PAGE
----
Together with new HIV infections, the number of people dying from AIDS is rapidly falling too, as more than 8 million people are accessing HIV treatment. The number of people added onto HIV treatment increased by 65 percent in the last two years -- a record increase of 2.3 million people in sub-Saharan Africa. For the first time more than half of people eligible for antiretroviral therapy were receiving it. But there are nearly 7 million people waiting. Add to it the nearly 4 million discordant couples (where one partner is living with HIV and the other is not) who can benefit from access to treatment as prevention. Antiretroviral therapy has emerged as a powerful tool for saving lives -- and we must extend this benefit for everyone who wants it. We have to begin first of all by encouraging people to know their HIV status. Today only half of the people living with HIV know their status.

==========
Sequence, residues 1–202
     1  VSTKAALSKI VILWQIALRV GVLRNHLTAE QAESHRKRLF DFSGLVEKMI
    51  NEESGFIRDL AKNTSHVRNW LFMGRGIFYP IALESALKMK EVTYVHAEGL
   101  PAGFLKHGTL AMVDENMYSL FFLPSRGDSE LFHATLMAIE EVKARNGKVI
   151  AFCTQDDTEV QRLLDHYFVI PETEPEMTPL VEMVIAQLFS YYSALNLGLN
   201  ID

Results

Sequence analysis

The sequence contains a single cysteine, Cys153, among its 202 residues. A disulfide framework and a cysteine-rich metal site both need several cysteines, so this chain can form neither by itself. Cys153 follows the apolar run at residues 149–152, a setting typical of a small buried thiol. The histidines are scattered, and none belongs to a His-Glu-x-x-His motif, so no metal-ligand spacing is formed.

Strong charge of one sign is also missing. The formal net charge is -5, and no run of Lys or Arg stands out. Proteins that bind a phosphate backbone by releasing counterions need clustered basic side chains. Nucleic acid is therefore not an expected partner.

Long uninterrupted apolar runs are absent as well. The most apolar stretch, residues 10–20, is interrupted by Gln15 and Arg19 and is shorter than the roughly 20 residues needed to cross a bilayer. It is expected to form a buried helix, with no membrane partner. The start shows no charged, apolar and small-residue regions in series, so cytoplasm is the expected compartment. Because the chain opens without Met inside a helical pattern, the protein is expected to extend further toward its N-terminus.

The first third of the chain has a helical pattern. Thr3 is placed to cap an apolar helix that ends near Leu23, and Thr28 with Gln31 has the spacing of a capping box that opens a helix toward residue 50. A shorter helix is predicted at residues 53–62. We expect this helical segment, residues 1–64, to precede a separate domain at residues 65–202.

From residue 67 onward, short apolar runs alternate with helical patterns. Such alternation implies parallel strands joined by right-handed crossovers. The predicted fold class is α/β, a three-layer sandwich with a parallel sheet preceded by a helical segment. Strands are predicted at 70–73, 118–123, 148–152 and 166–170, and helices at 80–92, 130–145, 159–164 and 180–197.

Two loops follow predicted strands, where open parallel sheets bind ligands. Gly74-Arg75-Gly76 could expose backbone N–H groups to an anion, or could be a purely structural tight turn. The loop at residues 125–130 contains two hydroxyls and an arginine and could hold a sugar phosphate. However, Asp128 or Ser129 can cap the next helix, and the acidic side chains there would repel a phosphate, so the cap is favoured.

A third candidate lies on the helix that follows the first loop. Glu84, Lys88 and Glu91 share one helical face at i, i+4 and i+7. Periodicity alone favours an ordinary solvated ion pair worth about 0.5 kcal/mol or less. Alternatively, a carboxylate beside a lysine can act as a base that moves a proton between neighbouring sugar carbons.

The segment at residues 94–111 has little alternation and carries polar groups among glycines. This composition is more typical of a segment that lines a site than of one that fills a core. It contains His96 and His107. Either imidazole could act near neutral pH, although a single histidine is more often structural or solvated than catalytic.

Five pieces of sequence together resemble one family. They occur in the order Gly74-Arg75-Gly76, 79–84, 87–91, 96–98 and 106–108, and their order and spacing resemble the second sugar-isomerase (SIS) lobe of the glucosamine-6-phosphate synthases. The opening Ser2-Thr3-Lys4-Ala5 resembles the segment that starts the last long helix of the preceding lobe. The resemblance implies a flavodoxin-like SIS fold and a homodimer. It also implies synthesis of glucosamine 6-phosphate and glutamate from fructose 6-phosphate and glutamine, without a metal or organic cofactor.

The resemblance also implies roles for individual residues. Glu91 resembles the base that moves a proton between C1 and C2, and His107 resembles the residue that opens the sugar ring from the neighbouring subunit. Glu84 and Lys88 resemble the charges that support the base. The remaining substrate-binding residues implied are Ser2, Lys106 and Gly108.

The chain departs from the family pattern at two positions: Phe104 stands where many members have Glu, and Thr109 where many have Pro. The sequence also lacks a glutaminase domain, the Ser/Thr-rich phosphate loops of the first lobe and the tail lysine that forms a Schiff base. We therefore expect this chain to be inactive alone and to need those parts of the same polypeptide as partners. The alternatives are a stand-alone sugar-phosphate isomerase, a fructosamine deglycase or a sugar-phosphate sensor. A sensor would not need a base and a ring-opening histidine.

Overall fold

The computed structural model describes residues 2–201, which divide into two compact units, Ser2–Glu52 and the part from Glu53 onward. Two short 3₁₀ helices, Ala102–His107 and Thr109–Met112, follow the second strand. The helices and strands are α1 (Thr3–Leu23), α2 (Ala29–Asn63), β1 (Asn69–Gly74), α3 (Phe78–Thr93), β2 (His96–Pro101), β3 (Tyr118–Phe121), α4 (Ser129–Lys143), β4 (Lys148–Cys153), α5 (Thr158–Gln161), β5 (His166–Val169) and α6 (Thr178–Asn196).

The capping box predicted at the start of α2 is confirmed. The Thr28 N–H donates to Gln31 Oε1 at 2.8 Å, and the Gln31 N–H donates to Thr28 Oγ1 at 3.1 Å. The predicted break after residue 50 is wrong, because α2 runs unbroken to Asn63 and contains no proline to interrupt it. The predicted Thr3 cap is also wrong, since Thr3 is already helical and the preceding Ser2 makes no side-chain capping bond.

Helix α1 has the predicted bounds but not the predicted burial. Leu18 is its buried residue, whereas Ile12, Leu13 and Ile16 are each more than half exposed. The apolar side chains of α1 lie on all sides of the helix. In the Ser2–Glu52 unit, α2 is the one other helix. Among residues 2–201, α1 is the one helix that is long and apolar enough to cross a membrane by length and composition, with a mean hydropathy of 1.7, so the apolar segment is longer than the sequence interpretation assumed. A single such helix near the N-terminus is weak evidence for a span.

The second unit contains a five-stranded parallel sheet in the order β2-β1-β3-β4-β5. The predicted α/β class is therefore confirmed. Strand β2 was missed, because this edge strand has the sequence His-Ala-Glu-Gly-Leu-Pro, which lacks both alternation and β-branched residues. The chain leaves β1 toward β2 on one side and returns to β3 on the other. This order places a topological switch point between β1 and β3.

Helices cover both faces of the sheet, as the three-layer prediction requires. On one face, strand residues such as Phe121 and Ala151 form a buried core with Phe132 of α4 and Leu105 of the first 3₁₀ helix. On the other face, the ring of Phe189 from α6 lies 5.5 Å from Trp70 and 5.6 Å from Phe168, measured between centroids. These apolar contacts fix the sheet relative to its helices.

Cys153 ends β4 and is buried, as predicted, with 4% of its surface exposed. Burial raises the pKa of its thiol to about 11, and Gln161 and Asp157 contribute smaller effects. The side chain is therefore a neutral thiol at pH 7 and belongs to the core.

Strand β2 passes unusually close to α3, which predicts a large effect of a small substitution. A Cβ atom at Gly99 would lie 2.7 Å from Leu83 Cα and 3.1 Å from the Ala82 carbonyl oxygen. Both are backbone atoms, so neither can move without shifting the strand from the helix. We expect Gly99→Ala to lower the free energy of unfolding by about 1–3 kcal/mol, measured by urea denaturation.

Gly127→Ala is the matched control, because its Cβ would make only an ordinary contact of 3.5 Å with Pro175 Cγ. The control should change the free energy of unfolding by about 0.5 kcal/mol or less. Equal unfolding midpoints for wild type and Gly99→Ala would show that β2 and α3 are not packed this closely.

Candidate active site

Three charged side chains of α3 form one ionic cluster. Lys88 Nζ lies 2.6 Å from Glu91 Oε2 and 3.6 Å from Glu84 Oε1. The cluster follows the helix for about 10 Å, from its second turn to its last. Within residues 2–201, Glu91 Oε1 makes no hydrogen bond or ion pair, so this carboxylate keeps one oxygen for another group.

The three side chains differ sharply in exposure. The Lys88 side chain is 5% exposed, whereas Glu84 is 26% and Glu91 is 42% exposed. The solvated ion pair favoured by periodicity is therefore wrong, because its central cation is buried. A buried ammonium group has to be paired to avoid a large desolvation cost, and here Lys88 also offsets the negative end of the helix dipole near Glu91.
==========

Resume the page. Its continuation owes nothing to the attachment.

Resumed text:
In 2009, I made a call for the elimination of new HIV infections among children. For the past year, together with Ambassador Eric Goosby, the United States Global AIDS Coordinator, we have met with world leaders, business leaders and community groups in many countries to push this goal. There is good news for babies, we are seeing success. More than half of all reductions in new HIV infections globally have been among infants. In the past two years the number has come down by a quarter -- this compared to the six years it took to achieve similar results in the past. We are making progress towards our target of zero new HIV infections among children.